Drudge Retort: The Other Side of the News

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Thursday, October 27, 2016

Jason Chaffetz, the Utah congressman wrapping up his first term atop the powerful House Oversight Committee, unendorsed Donald Trump weeks ago. That freed him up to prepare for something else: spending years, come January, probing the record of a President Hillary Clinton. "Even before we get to Day One, we've got two years' worth of material already lined up. She has four years of history at the State Department, and it ain't good." If Republicans retain control of the House, something that GOP-friendly maps make possible even in the event of a Trump loss, Clinton will become the first president since George H.W. Bush to immediately face a House Oversight Committee controlled by the opposition party. Several Clinton allies recoiled when asked about Chaffetz's plans for 2017. read more

Sunday, October 23, 2016

John Cassidy, The New Yorker: The real value of the WikiLeaks documents is one the hackers may not have intended. The documents, particularly the speech extracts, portray Hillary Clinton as she is: a hard-headed centrist who believes that electoral politics inevitably involve making compromises, dealing with powerful interest groups, and, where necessary, amending unpopular policy positions. Addressing a General Electric Global Leadership Meeting in January, 2014, she said, "I mean, politics is like sausage being made. It is unsavory, and it always has been that way, but we usually end up where we need to be." Answering a question in March, 2014, at an event organized by Xerox, she said that the country needs two "sensible, moderate, pragmatic parties." These sentiments won't win over many [Bernie] Sanders supporters. But they might actually reassure moderate Democrats, independents, and even some Trump-loathing Republicans who are thinking about crossing party lines. read more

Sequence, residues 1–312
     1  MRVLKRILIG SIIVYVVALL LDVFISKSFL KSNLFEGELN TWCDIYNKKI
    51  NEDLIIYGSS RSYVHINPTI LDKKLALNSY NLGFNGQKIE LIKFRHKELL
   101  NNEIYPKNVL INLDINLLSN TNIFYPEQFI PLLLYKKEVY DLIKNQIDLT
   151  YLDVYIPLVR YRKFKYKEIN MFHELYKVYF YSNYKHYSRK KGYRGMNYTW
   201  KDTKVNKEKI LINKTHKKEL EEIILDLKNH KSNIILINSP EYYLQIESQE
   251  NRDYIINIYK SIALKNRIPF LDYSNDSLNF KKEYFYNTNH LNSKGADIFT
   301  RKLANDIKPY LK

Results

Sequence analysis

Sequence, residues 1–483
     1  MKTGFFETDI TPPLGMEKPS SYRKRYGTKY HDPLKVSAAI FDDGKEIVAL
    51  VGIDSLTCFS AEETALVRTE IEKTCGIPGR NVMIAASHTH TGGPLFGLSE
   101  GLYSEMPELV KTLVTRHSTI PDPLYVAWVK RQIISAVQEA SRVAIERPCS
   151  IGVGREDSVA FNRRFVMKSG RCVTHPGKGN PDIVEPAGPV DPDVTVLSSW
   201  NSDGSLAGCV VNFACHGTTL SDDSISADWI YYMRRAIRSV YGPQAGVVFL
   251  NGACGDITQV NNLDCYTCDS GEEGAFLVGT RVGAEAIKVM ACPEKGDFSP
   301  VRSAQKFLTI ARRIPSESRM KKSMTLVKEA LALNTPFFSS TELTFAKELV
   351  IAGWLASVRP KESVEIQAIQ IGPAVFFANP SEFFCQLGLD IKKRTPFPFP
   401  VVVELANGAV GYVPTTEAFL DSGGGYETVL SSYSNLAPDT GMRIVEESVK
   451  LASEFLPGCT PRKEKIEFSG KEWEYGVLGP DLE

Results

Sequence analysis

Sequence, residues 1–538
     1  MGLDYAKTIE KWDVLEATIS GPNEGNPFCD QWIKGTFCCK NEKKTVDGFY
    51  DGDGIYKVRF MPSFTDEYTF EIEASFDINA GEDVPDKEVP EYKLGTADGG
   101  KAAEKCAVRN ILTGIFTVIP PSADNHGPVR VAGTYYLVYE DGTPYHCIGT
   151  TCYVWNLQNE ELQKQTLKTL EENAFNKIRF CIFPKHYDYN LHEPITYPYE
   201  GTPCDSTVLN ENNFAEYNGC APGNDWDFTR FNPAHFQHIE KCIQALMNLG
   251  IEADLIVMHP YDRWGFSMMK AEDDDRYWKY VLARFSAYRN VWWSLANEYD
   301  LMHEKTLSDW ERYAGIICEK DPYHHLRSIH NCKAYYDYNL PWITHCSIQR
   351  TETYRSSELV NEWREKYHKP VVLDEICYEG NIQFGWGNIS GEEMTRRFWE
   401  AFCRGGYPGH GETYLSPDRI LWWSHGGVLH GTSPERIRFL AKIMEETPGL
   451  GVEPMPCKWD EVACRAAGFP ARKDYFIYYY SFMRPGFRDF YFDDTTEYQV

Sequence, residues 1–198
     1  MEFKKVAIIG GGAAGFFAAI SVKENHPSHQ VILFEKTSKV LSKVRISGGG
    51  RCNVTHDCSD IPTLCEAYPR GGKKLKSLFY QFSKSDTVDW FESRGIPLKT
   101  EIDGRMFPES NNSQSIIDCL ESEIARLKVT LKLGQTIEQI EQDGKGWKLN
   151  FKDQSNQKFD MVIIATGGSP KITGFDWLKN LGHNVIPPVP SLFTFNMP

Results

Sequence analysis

Wednesday, October 19, 2016

A 13-year-old student at an alternative school had his leg amputated on Tuesday afternoon following an incident with a school employee in Columbus, Georgia, according to the boy's attorney. Lawyers from Forrest B. Johnson and Associates representing the student said that on September 12, the boy was "thrown to the floor" several times by an Edgewood Student Services Center employee. According to his attorney, Renee Tucker, the altercation started after the boy tried to leave the classroom to call his mother from the main office. The school employee physically restrained him to prevent him from leaving the room, slamming him to the floor. "The fact that now it's led to an amputation just signifies the degree of force that was used with regard to our client, particularly [the teacher] body-slamming him three different times," Tucker said. read more

Friday, October 14, 2016

Mindy McGillivray of Palm Springs said she is planning to leave the United States because she fears for her family's safety since she publicly accused Donald Trump earlier this week of groping her in 2003. "We feel the backlash of the Trump supporters. It scares us. It intimidates us. We are in fear of our lives,'' she said in an interview Friday with The Palm Beach Post. McGillivray, 36, has been staying in a hotel in the three days since she told her story to The Palm Beach Post, one of at least four women across the United States who have accused Trump of inappropriately touching them. Trump has denied the accusations, calling them total fabrications. But she said got a scare Thursday night when she returned to the Palm Springs house she shares with her daughter and stepdad to pick up clothes. "I look out the window and there are cars just driving around the house and looking, slowing down right at the house,'' she said. read more